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Structured one-on-one communication is the key to effective management.
Bruce Tulgan expects people to be intrigued by the title of his latest book, The 27 Challenges Managers Face: Step-By-Step Solutions to (Nearly) All of Your Management Problems (Jossey-Bass,
2014). Indeed, the renowned business author and advisor, who has worked
with leaders and managers at Wal-Mart, Aetna, the U.S. Army and the
YMCA, notes that people often ask why he talks about 27 challenges
instead of some other number.
Tulgan, founder and CEO of Rainmaker Thinking Inc.,
a management research and consulting company in New Haven, Conn.,
explains that, after learning from hundreds of thousands of managers
over two decades’ worth of research, the same 27 basic challenges come
up over and over again.
What are some of the top challenges all managers face?
Maybe it’s the superstar who the manager is afraid of losing, the
slacker the manager can’t seem to motivate, the employee with an
attitude problem or the two who can’t get along. Regardless, when things
go wrong in a management relationship, the common denominator is almost
always unstructured, low substance, hit-or-miss communication.
What’s wrong with the way most managers manage?
They don’t realize that they are stuck in a vicious cycle. They are
“managing on autopilot” until something goes wrong. When you operate in
this way, something almost always goes wrong. Then when problems arise,
managers get more involved—what the book refers to as “firefighting”—and
communication becomes more heated and urgent. So most managers cycle
back and forth between autopilot and firefighting.
What do the best managers have in common?
Relentless, high-quality communication. They consistently engage every
direct report in an ongoing, highly structured, content-rich, one-on-one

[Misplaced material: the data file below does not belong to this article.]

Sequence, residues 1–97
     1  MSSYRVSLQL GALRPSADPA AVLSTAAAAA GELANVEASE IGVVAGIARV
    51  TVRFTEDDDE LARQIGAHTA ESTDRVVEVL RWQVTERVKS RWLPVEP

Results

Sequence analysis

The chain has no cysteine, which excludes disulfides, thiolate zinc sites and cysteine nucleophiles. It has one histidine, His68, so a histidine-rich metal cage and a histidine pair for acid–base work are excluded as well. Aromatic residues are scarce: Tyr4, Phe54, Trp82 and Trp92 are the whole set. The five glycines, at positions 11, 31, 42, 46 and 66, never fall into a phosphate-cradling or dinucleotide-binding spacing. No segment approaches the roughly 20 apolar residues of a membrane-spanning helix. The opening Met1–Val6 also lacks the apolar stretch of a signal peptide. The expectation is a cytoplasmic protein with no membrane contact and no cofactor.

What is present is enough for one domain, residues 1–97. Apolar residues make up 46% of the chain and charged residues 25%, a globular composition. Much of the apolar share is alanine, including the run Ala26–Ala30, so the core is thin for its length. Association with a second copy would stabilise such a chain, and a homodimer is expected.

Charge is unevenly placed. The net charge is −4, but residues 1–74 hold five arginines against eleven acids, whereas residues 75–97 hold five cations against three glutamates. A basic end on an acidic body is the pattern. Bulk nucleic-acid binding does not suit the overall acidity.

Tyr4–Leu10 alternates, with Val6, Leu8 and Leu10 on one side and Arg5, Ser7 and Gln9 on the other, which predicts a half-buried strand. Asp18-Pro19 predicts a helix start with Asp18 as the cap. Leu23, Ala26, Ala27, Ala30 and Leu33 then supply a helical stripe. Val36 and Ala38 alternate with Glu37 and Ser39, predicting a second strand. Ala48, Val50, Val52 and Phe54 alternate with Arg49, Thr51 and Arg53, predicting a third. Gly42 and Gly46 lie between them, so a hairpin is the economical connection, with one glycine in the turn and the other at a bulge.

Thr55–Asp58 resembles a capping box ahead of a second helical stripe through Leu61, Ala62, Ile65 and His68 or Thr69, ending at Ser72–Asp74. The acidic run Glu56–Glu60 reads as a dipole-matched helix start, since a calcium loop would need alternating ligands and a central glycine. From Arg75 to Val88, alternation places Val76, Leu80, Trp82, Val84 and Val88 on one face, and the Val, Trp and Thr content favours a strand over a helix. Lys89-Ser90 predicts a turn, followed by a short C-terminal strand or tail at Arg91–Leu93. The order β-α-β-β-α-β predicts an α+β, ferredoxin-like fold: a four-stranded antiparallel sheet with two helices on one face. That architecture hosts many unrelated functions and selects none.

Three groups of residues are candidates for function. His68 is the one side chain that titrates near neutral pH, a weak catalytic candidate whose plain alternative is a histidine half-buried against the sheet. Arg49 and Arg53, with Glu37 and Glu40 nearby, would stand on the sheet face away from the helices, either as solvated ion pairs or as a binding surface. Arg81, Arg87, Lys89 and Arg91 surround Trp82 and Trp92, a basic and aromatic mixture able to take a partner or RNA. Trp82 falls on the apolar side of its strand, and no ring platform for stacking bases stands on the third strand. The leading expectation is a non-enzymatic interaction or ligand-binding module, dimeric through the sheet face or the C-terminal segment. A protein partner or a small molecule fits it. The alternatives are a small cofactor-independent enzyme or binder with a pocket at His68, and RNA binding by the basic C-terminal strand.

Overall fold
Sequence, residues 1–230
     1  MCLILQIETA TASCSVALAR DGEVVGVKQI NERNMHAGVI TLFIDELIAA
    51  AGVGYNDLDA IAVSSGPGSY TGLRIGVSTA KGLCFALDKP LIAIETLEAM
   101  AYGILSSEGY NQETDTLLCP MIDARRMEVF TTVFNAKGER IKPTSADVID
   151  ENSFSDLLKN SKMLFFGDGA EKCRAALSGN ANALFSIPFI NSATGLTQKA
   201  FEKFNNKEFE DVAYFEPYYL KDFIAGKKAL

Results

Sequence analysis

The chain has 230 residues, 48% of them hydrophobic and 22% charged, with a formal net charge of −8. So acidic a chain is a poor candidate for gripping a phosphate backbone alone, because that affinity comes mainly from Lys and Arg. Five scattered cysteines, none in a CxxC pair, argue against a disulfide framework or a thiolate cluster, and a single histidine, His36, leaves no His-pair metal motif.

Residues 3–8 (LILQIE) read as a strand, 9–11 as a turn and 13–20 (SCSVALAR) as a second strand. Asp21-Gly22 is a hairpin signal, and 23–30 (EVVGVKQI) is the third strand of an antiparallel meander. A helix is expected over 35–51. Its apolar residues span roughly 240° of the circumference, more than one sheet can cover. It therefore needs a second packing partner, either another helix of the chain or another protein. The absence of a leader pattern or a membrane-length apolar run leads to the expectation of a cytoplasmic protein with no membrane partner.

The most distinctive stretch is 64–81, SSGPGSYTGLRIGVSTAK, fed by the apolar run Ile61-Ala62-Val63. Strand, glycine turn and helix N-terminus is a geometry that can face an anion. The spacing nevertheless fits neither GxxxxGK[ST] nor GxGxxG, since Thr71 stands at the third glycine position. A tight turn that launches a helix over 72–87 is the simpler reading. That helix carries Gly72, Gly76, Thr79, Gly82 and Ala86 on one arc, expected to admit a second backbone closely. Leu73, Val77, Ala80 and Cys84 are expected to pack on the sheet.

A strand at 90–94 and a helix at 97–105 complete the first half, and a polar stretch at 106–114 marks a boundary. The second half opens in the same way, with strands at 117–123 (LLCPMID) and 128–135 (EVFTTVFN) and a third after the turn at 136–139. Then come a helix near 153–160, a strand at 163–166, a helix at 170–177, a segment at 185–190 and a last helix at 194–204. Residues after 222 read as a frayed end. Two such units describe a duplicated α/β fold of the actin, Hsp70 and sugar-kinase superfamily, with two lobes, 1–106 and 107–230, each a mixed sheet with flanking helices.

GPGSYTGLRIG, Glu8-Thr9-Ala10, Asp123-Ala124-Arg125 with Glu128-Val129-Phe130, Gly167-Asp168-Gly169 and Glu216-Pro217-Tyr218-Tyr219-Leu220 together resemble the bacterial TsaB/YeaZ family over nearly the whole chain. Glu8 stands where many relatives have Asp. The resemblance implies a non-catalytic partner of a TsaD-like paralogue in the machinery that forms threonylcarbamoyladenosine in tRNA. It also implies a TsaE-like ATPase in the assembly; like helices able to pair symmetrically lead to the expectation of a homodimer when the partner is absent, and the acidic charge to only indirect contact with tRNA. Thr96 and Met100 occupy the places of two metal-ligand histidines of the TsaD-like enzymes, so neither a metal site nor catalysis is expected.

dialogue about the work that person needs to do. When managers
consistently make expectations clear and provide candid feedback for
every individual every step of the way, the result is measurably better
business outcomes, including improved employee performance and morale
and increased retention of high-performers.
What advice would you give to new managers?
Learning must become your strength. From day one, stake it out and use
it. The first order of business is to get up to speed with everything
and everyone by learning the nuts and bolts of the job.
The big challenge—no matter how much experience you bring to the
table—is that you are brand-new to this role. You have a huge learning
curve: You need to master your new job, which can mean relearning
everything you already know from another perspective. You must learn
about a whole new cast of characters and the jobs of every one of your
new direct reports. On top of all that, you might need to learn about a
new organization or industry. I’ve seen so many new managers—and plenty
of experienced ones—hesitant to assume command decisively at the outset.
Outside the office, should a manager be friends with employees who report to her?
If you are taking over a team on which you have been a member, it’s very
likely that you may have already formed friendships. Sometimes the
friendship predates the work relationship. Either way, it can be hard to
separate your role as the new boss from your role as friend. But that’s
exactly what you must do. As tempting as it might be to pretend you are
still just a member of the team, you have to accept that you are in a
different role now.
Donna M. Owens is a freelance writer based in Baltimore.
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